Friday, February 1, 2013

Russian tanks in the cold Arctic

Kourganmachzavod, the leading manufacturer of Russian armored infantry combat (VBCI), embarked on the construction of a new vehicle: Rytsar (which means knight in Russian). It is intended for the polar regions. Early drafts show a vehicle quite unusual and nothing like the armored vehicles that were built in Russia before.

The Rytsar will be equipped, in addition to a conventional diesel engine, a gas turbine engine. These engines start easier and are more reliable in conditions similar to those of polar climate. Russia is the second country in the world, after the United States, to master the development and construction of turbine armored vehicles.

More importantly, the Rytsar be equipped with an electromechanical transmission and will consist of a body divided into two parts. It is obvious that the goal here is to ensure sufficient space for the installation of heavy weaponry, but also for the infantry and a large fuel reserve.

The VBCI Rytsar is still at an early stage of its development, which has continued in parallel with that of the meanest VBCI Kourganets-25 (Kourganets is the name we give to the people of Kurgan). But why are there two vehicles at the same time study? It is clear that the VBCI Rytsar is extremely complex and that its production can not be launched later this decade. The development of this vehicle is currently funded through the strengthening of the Russian military presence in the Arctic, and saw his little advanced stage of development, does not require too many resources. However, Russia has already taken costly measures to strengthen its military presence in the Arctic Circle.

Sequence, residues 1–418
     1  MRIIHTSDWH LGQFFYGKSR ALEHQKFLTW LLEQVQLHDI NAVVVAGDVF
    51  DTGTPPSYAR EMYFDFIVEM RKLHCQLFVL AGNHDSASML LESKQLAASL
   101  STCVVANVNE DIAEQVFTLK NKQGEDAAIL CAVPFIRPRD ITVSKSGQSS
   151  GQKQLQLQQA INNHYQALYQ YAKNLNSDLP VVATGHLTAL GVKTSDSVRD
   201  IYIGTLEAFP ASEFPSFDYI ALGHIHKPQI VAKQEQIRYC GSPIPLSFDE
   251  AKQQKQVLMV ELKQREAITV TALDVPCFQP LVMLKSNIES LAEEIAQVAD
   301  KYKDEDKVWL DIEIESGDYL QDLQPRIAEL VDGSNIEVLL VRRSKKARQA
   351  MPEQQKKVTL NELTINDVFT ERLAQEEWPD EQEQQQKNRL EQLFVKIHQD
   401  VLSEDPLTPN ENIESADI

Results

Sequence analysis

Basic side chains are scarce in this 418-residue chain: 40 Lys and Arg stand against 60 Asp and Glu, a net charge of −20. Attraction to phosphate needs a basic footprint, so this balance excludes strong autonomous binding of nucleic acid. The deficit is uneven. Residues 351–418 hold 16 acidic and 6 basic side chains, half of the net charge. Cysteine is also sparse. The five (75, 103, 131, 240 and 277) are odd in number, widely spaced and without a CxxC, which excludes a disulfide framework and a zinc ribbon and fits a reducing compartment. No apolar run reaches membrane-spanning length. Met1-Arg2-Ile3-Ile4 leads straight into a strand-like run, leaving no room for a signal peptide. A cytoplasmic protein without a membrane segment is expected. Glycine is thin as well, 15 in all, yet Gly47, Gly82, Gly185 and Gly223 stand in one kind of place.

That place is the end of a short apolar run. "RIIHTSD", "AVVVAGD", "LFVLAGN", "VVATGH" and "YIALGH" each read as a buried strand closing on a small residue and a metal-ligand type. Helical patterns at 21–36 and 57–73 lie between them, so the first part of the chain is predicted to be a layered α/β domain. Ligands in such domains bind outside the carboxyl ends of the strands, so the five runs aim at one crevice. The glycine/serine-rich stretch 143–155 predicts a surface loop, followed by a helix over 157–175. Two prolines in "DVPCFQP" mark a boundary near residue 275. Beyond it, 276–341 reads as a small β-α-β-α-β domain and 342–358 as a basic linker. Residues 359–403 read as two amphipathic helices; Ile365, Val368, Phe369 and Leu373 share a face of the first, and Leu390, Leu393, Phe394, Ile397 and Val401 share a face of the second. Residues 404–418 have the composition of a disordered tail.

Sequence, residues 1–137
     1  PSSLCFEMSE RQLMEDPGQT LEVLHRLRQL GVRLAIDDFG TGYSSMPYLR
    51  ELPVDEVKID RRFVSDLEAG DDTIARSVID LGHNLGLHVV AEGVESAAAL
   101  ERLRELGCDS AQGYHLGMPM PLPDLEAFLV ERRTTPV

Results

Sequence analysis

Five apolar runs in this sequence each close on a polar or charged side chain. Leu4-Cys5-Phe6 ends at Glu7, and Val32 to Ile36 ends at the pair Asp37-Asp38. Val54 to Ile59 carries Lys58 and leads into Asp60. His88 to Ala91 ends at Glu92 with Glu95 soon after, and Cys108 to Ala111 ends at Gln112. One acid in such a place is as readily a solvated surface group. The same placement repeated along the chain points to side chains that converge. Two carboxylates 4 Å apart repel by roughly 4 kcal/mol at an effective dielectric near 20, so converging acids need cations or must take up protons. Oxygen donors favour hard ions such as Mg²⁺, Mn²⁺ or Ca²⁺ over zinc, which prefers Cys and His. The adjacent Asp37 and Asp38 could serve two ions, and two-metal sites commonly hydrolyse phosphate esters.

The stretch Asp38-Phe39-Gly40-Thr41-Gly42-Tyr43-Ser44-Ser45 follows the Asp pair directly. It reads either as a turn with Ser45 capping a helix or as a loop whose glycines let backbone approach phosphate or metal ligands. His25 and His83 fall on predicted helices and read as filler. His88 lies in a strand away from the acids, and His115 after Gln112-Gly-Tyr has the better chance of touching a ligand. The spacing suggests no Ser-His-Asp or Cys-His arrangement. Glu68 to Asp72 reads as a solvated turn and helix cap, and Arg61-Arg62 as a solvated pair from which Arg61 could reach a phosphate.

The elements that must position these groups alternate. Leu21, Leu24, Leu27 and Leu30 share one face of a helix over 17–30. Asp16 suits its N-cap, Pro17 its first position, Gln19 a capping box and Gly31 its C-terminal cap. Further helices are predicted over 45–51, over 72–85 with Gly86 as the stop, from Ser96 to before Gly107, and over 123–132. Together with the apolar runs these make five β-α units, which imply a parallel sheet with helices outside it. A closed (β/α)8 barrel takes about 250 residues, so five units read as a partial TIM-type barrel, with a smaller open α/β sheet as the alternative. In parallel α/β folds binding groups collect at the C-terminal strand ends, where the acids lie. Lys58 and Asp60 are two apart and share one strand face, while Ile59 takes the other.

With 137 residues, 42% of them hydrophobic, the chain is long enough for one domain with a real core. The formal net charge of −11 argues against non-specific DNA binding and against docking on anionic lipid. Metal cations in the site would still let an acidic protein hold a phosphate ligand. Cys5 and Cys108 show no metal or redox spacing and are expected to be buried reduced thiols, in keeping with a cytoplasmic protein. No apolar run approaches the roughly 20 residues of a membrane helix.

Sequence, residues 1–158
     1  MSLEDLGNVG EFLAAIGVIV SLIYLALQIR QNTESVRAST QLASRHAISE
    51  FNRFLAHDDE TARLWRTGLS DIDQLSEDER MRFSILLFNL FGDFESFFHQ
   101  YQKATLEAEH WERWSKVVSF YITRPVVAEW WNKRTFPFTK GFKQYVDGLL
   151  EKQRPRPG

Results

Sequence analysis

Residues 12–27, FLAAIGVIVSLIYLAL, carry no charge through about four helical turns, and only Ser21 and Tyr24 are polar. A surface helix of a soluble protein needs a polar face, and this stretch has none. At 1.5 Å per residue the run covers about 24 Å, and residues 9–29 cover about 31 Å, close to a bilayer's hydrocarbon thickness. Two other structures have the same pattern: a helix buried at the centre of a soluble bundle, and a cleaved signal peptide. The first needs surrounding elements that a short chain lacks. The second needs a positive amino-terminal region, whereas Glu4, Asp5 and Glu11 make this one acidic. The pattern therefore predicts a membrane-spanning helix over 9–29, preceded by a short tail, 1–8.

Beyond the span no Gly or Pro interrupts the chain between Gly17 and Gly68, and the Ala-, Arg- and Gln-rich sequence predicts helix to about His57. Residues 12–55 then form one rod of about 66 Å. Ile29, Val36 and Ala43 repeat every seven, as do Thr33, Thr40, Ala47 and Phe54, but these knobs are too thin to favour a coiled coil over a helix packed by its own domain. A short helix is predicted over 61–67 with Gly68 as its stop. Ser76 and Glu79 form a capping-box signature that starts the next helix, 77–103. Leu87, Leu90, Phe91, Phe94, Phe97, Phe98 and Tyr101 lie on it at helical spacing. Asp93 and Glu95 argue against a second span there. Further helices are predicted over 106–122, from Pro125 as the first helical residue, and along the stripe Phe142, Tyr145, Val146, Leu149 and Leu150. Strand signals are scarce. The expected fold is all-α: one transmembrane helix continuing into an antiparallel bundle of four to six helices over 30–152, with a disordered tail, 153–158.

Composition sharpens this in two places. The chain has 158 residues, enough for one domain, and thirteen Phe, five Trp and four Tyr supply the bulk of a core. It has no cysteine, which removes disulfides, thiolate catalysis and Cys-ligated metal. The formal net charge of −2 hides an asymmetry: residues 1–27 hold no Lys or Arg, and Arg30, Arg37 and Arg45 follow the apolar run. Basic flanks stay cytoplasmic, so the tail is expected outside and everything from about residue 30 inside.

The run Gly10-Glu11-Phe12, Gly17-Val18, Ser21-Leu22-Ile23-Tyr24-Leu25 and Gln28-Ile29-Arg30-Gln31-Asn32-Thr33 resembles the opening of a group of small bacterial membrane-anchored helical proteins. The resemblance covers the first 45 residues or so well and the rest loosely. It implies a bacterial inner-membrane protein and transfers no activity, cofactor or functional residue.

The Russian defense minister plans to review the proposed closure of the aerodrome polar military Tiksi.Moreover, the aerodrome will be upgraded by 2015. In 2013, a group of interceptor aircraft MiG-31 should be installed on the polar archipelago of Novaya Zemlya. According projects already announced by the Russian authorities, special troops will be created in the Arctic to defend Russia's interests in the region.New icebreakers, nuclear or not, and infrastructure are being built and the number of border guards deployed in the region are increasing.

Disagreements about the future of the region among countries vying Arctic resources worsen. Russia claims to be an important part of the Arctic continental shelf and requires a priority right to the use of these resources. In this area, it faces some non-regional countries, such as China, which are in favor of access to resources in the region for all countries of the world. Major military maneuvers and techniques that engages Russia to defend its Arctic borders clearly demonstrate that it has no intention of backing down in its battle for resources from the North Pole.

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